Iowa Caucus Results

Iowa Caucus Results
With 92 percent of the votes counted from caucuses in Iowa Republican, two candidates from different wings of the party were locked in a near tie - a moderate former Massachusetts governor Mitt Romney and conservative former Sen. Rick Santorum of Pennsylvania, each of them 24.7 per cent. Only 13 votes separated the two.

Network television was a libertarian-leaning design Rep. Ron Paul of Texas in third place with 21.1 percent. Former House Speaker Newt Gingrich is in fourth with 13.3 per cent. Texas Governor Rick Perry takes the fifth place with 10.3 percent. Rep. Michele Bachmann is the sixth with 5.1 percent.

If the close finish in the top two places is, it means that the Republican nomination race leaves Iowa with the air of indecision. This is followed by New Hampshire in general, on January 10, where Mr. Romney is expected to win easily. But his status as favorite son can not reduce the value of such a victory.

The third race, the South Carolina primary, January 21, can play a crucial role. This is the first contest in the south, and as such, are not in favor of Romney, a northerner. And some of the lower-level candidates from Iowa - like Governor Perry and Rep. Bachmann of Minnesota - announced they were skipping the New Hampshire and heading straight to South Carolina.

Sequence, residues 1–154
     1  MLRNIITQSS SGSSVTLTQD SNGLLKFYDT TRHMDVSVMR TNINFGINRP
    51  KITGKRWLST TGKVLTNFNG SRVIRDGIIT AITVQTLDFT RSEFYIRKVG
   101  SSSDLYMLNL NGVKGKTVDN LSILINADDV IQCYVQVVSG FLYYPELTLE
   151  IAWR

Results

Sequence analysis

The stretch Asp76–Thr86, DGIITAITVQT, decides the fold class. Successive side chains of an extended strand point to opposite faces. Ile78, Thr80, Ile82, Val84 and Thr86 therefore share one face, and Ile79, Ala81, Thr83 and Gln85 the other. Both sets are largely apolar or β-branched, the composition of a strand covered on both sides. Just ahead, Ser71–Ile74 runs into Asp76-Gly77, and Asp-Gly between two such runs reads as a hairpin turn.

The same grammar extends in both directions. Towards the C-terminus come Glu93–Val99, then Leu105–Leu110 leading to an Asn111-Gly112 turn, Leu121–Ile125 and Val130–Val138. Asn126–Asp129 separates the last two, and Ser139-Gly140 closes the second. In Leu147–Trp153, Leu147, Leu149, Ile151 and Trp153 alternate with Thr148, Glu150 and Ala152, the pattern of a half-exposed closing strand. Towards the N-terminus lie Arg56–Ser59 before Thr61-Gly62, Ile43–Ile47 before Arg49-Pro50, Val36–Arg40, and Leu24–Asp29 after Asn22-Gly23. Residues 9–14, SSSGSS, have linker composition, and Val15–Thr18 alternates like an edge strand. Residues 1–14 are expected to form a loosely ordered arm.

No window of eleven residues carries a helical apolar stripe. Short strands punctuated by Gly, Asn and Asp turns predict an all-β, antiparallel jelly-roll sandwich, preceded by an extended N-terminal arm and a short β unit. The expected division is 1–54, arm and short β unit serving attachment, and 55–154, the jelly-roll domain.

While the field is large and divided, which helps Romney. He is the only one of the candidates in the race with money and organization to last a long blow through the week primaries and caucuses. But if he can not build on its base of support, it would seem to be stuck in the mid 20's, which raises serious questions about how he gets the nomination.

Mr. Santorum, by contrast, has a terrific time. Just a month ago, he was polling less than 5 percent of Iowa Republicans. But one after another, like other conservatives stood up and were shot down by missteps and intense focus on his record, Santorum seems to be timed his surge very well. The question for him whether he could raise money and build an organization fast enough to run a national campaign.

Meanwhile, Romney made it clear that he does push in South Carolina, before the New Hampshire vote. Later this week, he heads to Charleston and Myrtle Beach, for campaign events.

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